ResearchOpen Access

Differences in Heart Rate Variability Associated with Long-Term Exposure to NO2

    Published:https://doi.org/10.1289/ehp.11377Cited by:22

    Abstract

    Background

    Heart rate variability (HRV), a measure of cardiac autonomic tone, has been associated with cardiovascular morbidity and mortality. Short-term studies have shown that subjects exposed to higher traffic-associated air pollutant levels have lower HRV.

    Objective

    Our objective was to investigate the effect of long-term exposure to nitrogen dioxide on HRV in the Swiss cohort Study on Air Pollution and Lung Diseases in Adults (SAPALDIA).

    Methods

    We recorded 24-hr electrocardiograms in randomly selected SAPALDIA participants ≥ 50 years of age. Other examinations included an interview investigating health status and measurements of blood pressure, body height, and weight. Annual exposure to NO2 at the address of residence was predicted by hybrid models (i.e., a combination of dispersion predictions, land-use, and meteorologic parameters). We estimated the association between NO2 and HRV in multivariable linear regression models. Complete data for analyses were available for 1,408 subjects.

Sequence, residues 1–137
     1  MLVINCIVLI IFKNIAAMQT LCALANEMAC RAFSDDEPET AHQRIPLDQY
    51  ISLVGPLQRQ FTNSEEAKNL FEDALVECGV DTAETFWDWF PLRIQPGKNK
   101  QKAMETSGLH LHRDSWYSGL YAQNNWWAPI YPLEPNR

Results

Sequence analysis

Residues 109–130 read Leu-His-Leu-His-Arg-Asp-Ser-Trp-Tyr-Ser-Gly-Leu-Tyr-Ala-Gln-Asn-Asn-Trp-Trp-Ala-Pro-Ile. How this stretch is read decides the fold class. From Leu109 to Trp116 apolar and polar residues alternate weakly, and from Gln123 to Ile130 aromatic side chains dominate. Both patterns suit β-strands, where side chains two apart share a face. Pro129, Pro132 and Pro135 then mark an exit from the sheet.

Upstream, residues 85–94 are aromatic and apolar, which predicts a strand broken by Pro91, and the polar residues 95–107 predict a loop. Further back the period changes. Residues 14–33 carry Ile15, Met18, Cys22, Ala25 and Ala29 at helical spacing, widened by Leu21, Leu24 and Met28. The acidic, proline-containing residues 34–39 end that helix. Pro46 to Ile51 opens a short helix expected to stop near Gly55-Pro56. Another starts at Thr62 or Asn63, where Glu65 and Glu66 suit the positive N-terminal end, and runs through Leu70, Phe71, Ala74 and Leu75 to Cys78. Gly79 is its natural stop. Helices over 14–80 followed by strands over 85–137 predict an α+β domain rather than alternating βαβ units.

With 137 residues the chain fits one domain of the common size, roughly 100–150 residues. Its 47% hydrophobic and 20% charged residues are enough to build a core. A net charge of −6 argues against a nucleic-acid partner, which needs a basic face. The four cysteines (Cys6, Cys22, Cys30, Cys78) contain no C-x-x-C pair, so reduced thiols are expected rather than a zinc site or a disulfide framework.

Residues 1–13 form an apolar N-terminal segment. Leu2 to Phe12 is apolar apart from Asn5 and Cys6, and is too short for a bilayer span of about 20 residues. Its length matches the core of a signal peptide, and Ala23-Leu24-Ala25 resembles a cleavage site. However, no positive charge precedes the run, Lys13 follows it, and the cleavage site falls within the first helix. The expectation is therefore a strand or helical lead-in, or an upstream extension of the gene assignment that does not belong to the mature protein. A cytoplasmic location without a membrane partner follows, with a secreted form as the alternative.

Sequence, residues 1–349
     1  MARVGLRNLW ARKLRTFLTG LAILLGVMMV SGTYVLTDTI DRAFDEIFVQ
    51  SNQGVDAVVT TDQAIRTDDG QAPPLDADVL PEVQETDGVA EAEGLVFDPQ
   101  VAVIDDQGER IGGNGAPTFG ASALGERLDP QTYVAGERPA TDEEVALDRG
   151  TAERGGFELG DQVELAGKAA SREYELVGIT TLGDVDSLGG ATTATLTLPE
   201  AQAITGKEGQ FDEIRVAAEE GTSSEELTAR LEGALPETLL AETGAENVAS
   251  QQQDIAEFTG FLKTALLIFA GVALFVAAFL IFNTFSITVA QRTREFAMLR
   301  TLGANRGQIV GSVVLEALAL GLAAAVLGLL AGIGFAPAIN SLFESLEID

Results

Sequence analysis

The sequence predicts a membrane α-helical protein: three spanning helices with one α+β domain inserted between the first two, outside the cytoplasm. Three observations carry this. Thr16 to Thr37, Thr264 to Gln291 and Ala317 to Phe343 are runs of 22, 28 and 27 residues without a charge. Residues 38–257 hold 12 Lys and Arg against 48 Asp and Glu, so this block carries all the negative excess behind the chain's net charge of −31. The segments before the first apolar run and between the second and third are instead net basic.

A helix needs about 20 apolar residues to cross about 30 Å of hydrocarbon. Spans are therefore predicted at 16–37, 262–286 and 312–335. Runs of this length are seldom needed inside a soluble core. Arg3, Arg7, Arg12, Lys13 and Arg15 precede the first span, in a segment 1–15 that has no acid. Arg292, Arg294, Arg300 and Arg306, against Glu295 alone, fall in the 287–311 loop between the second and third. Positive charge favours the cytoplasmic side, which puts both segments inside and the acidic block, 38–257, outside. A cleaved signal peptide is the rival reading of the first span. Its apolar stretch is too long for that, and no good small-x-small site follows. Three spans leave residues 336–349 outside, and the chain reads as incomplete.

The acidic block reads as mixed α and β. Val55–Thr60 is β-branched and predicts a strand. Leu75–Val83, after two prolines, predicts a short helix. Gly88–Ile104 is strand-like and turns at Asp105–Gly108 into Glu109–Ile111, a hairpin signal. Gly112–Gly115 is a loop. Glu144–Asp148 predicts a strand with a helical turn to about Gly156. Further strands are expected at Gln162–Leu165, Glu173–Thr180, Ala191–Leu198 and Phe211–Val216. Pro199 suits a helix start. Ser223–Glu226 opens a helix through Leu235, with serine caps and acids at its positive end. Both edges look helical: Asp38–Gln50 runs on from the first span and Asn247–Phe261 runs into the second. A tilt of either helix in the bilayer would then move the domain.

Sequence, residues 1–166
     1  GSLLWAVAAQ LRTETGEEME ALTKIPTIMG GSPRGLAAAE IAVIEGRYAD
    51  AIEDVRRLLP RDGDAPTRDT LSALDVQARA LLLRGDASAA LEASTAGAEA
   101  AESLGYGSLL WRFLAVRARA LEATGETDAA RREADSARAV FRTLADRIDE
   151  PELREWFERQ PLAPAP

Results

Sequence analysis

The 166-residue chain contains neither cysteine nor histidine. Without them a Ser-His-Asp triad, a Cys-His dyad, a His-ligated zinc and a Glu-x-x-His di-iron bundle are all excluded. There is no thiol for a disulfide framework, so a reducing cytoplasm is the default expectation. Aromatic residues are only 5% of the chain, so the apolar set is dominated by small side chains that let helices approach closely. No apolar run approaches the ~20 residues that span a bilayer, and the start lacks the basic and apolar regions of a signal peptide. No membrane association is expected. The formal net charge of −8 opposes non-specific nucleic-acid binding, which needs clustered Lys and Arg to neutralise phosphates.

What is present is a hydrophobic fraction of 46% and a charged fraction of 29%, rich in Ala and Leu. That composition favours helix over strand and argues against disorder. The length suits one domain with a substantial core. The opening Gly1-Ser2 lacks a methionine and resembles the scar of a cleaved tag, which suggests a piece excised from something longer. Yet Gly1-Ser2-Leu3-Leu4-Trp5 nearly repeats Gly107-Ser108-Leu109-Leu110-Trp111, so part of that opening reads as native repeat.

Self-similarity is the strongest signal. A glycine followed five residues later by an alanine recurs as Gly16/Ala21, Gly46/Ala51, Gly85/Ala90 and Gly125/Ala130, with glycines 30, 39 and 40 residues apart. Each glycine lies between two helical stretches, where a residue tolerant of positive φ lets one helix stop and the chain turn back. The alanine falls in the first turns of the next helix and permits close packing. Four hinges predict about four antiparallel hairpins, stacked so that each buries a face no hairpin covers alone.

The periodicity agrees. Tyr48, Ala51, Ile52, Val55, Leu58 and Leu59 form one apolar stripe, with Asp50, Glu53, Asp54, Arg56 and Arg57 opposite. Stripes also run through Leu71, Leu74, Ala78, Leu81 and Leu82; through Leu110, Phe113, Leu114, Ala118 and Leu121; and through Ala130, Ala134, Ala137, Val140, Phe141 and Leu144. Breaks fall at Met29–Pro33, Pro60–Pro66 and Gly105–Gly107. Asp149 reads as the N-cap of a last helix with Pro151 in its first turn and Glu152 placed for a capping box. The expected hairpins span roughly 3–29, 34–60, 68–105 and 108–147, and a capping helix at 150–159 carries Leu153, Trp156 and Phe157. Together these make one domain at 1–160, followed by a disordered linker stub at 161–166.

Results

    For women, but not for men, each 10-μg/m3 increment in 1-year averaged NO2 level was associated with a decrement of 3% (95% CI, −4 to −1) for the standard deviation of all normal-to-normal RR intervals (SDNN), −6% (95% CI, −11 to −1) for nighttime low frequency (LF), and −5% (95% CI, −9 to 0) for nighttime LF/high-frequency (HF) ratio. We saw no significant effect for 24-hr total power (TP), HF, LF, or LF/HF or for nighttime SDNN, TP, or HF. In subjects with self-reported cardiovascular problems, SDNN decreased by 4% (95% CI, −8 to −1) per 10-μg/m3 increase in NO2.

    Conclusions

    There is some evidence that long-term exposure to NO2 is associated with cardiac autonomic dysfunction in elderly women and in subjects with cardiovascular disease.

    Numerous short-term studies and a few longer-term studies have linked higher air pollutant levels with increased daily morbidity and mortality from cardiovascular diseases (Forastiere et al. 2005; Hoffmann et al. 2007; Künzli et al. 2005; Le Tertre et al. 2002; Rosenlund et al. 2006). These studies mostly described the effect of particulate matter (PM) on cardiovascular health; thus, information on the effect of other pollutants (i.e., gaseous pollutants) is scarce.